Does Root Beer Affect the Growth of Plants?
- In the wild, plants are often found growing in the soil that suits them; those that flourish in dry, infertile soils can be found near the beaches and seasides while those that grow best in rich, moist soils can be found in woodlands and along forest floors. Garden plants are completely dependent on the soil they are placed in. Many plants struggle when set in poor, sandy or rocky soils because they lack nutrients. The condition of poor soil can be drastically improved by the addition of organic materials, such as rotted manure, leaf mold or compost, and by the routine application of liquid fertilizers, such as brewed tea, weak coffee, baking soda solution, cola or root beer.
Root Beer Fertilizer
- Carbonated soft drinks, such as root beer, contain carbonic acid. This compound lowers the pH of the soil temporarily, giving acid-loving plants like roses, blueberries, azaleas and rhododendrons an immediate boost. In addition, sodas tend to be high in sugar, which is a form of carbon -- one of the nutrients plants use most. On the downside, the combination of sweet, fruity fragrances and thick, sugary syrup tends to draw unwelcome guests, such as ants, flies and wasps.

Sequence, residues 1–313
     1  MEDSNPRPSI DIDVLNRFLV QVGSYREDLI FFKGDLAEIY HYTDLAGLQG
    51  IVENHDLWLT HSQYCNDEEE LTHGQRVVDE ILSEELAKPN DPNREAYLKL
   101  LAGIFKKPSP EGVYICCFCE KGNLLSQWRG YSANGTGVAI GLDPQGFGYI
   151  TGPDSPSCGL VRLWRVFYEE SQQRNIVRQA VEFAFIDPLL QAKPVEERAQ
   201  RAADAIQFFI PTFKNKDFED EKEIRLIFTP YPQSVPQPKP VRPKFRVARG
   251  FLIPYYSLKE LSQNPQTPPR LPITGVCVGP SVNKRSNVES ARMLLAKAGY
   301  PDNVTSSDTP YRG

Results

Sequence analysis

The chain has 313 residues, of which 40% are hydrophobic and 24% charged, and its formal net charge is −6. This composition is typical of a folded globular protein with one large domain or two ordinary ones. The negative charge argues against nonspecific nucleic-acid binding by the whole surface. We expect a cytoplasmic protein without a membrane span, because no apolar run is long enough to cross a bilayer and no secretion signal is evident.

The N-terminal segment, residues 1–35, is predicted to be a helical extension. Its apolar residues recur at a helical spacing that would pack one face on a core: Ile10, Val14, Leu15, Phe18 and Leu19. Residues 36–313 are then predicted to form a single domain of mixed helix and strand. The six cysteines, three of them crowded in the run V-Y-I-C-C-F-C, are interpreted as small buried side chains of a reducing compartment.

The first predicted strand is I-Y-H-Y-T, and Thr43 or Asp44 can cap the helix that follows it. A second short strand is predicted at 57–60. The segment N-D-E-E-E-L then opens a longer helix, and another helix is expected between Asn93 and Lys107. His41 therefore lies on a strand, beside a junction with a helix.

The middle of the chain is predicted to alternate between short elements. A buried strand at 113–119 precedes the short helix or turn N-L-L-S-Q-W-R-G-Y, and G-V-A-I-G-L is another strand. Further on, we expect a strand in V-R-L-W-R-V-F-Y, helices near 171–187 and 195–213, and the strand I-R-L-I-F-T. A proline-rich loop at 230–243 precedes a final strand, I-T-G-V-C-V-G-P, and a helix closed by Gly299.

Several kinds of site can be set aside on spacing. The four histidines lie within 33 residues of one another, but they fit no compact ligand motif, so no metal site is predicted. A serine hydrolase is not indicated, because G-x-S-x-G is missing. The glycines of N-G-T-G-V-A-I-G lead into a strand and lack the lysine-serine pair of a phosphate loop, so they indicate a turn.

Alternative Plant Foods
- In addition to sodas, plants may also benefit from regular applications of brewed tea or weak coffee. The tannins in these beverages create an acid-rich environment that increases the root function for a variety of plants. Alternatively, alkaline-loving plants, such as dianthus, clematis, cucumbers, lilacs and delphiniums, will flourish when given an occasional watering with a solution made from 1 tbsp. of baking soda and 2 qt. of water. The increase in alkalinity helps the roots take in nutrients, resulting in healthier plants with bigger blooms.
- Homemade plant foods are handy and economical; however, they may not be perfectly balanced. While the majority of items used to water, feed or fertilize the garden are biodegradable and are therefore beneficial, too much of any one element can be toxic. Using a variety of items, such as grass clippings, compost, egg shells, coffee grounds and rotted manure, adds both nutrients and organic material to the soil, improving its structure and increasing the soil's overall fertility.